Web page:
Vet Viewpoint: Fertility, mycoplasma and calf management

What weather the UK has seen recently – it has been wet, wet or wet and pretty cold on and off. Two of the vets reporting this month are thinking about youngstock management and how to look after calves in this weather and avoid infection.

Bruce Richards from Paragon Veterinary Group in Cumbria is looking back to the summer weather and the impact that had on his clients’ forage quality.

And Tim O’Sullivan from Shropshire reminds farmers how important post-calving checks are and how maximize submission and conception rates.

See also: How to improve old calf sheds on a budget

Harriet Spittle

ProStock Vets, Glynhebog, Camarthenshire

Harriet Spittle

Harriet Spittle

Cold wet weather can be tough on all of us, but young calves are often the hardest hit. Use these methods to help them beat the winter blues:

  • Calf jackets In temperatures below 10C calves use much of their energy keeping warm, leaving less for growth and immune defences. Jackets keep calves warm and are suitable for any system.
  • Milk powder Calves need extra calories as they burn energy keeping warm. Increasing the volume, frequency or concentration of milk powder can counteract this. Always follow the manufacturer’s instructions or consult your vet before altering diets, though.
  • Environment Ensure drafts are above head height and bedding is clean and dry. Damp, cold bedding rapidly drains body heat and can harbour bugs which will spread disease. If your knees are wet from kneeling on the bed then it’s too wet.

And lastly, have you considered vaccinating?

Tim O’Sullivan

Shropshire Farm Vets, Shrewsbury, Shropshire

Tim O'Sullivan

Tim O’Sullivan

Our autumn block-calving units are in the full throes of their service period. At this stage, all post-calving checks should be completed and focus should be on maximising submission and conception rates.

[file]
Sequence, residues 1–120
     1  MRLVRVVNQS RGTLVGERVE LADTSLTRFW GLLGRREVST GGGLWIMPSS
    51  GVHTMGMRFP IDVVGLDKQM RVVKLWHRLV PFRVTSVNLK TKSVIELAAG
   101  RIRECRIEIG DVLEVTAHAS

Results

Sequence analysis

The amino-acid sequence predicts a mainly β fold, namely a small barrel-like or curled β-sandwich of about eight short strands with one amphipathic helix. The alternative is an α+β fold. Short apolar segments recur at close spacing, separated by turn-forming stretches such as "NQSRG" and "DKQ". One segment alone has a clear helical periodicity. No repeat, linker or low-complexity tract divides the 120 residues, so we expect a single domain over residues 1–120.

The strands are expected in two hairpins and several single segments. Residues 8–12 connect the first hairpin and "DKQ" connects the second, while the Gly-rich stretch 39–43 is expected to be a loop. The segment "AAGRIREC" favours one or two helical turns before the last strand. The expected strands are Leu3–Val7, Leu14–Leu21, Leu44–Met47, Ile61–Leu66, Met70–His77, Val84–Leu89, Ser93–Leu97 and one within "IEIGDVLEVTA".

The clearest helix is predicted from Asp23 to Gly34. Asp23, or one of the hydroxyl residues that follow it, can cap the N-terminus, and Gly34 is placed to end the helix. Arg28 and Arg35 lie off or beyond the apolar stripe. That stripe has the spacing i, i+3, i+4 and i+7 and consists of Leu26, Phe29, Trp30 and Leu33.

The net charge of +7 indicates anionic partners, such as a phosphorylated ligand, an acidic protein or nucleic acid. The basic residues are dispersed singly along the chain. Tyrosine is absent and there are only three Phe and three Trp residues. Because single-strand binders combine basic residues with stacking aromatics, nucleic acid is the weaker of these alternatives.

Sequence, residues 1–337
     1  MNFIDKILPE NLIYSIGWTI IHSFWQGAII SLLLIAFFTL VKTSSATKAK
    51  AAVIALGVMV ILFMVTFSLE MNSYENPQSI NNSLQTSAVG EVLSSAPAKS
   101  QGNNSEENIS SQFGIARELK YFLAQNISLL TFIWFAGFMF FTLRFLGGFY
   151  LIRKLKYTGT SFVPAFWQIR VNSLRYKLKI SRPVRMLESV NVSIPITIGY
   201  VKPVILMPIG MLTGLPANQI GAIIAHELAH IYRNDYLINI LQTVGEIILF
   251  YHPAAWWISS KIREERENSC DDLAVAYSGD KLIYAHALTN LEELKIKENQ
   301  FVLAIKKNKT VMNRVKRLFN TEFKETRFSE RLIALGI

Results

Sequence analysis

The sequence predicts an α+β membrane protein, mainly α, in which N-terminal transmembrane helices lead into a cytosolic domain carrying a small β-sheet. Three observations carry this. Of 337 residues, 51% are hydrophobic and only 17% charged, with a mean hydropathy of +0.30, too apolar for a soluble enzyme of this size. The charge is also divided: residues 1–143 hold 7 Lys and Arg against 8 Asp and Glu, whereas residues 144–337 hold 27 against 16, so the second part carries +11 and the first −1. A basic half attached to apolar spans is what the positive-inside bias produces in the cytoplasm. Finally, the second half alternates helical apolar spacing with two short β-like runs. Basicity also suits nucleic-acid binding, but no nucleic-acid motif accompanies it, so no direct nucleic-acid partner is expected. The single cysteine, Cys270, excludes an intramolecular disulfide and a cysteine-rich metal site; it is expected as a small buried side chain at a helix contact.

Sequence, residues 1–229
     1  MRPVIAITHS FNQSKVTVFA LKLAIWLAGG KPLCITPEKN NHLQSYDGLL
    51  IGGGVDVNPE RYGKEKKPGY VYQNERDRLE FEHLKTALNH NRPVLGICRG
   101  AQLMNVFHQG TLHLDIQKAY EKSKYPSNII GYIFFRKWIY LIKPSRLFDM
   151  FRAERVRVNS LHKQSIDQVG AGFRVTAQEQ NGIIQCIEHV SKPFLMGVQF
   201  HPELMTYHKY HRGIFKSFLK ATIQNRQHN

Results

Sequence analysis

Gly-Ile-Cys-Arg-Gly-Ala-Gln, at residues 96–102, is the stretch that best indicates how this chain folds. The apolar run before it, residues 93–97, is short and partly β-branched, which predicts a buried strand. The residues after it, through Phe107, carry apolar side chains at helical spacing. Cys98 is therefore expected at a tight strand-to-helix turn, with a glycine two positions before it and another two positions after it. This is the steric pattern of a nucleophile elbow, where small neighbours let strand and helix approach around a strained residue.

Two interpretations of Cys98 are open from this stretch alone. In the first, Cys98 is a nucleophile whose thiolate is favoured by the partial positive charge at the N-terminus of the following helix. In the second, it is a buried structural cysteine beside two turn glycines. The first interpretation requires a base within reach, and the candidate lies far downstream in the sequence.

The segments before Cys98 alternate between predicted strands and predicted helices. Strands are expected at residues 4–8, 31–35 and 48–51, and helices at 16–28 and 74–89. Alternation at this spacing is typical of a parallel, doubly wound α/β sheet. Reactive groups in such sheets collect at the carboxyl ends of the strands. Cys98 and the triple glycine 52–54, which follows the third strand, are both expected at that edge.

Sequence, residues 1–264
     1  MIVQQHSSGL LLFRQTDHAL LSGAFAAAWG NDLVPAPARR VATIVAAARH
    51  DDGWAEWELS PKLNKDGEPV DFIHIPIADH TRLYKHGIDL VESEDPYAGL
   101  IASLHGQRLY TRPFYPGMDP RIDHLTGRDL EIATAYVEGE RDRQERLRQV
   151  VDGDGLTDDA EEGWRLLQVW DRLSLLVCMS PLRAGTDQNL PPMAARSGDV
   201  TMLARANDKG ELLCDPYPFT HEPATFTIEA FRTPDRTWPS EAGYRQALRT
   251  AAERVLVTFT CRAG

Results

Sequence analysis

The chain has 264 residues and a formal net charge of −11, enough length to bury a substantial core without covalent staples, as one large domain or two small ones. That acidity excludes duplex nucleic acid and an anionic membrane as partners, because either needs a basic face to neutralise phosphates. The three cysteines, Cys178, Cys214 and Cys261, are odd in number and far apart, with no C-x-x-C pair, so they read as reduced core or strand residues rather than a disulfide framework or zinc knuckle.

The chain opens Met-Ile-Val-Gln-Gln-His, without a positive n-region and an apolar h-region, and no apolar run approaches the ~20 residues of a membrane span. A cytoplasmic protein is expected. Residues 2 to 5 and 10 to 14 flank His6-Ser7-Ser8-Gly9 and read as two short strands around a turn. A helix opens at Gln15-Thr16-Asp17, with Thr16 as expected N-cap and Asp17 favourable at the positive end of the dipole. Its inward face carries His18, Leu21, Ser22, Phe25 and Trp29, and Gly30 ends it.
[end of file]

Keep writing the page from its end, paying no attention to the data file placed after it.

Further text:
Use every tool available, such as tail paint or stickers, activity monitors and spend plenty of time on observations. The tighter your block now, the fewer nights you will be getting up in nine months’ time.

It is also vital not to rest on your laurels if the first three-week submission rate is good. Even with excellent conception rates, the chances are you will still have a lot of cows to serve each day in the following three-week block.

Intervene on problem cows now or it may be too late and if you are going to run bulls, make sure they’ve been vaccinated and semen tested.

Bruce Richards

Paragon Veterinary Group, Carlisle, Cumbria

Bruce Richards

Bruce Richards

A mediocre summer in Cumbria has produced some feeding challenges this winter.

Many silages analysed reasonably well, “on paper”, but in reality, are not feeding out well, with many 2-3 litres below expectation, although with good constituents.

Forages have just not been very rumen efficient. First cuts have been dry, often low in sugars with energy supply to rumen microbes inadequate. Higher dry matters have challenged intakes too.

Second cuts were generally wetter, some not collected until very late, causing some impressive clamp slips. Supplementing or varying the sugar/starch (energy) supply to the rumen, such as the introduction of maize or whole crop, has helped.

Of course, the consequent fertility concerns have followed.

The wet summer has also seen a high mycotoxin challenge, particularly in cereals, maize and wholecrop – consider using binders if applicable.

Lucie Kay

Calweton Veterinary Group, Callington, Cornwall

Lucie Kay

Lucie Kay

Many clients are becoming aware of the big problems caused by Mycoplasma bovis. This unusual organism has far-reaching effects in the dairy herd.

Infected calves go on to have mycoplasma mastitis, swollen legs and possibly blind teats as heifers.

Have you seen coughing calves, the odd droopy ear or joint ill? If so, you could have mycoplasma on your farm.

Causing approximately 25% of cases of calf pneumonia, mycoplasma can result in untreatable mastitis, but is not detected in basic tests. It is intermittently shed in the milk and can infect calves this way – don’t feed mastitic milk to calves.

Infected calves will spread infection to other calves especially by dirty teats/buckets and stomach tubes alongside poor ventilation; good hygiene and housing are paramount.

Cold calves are more susceptible so use jackets and warm dry beds. And test bought-in stock.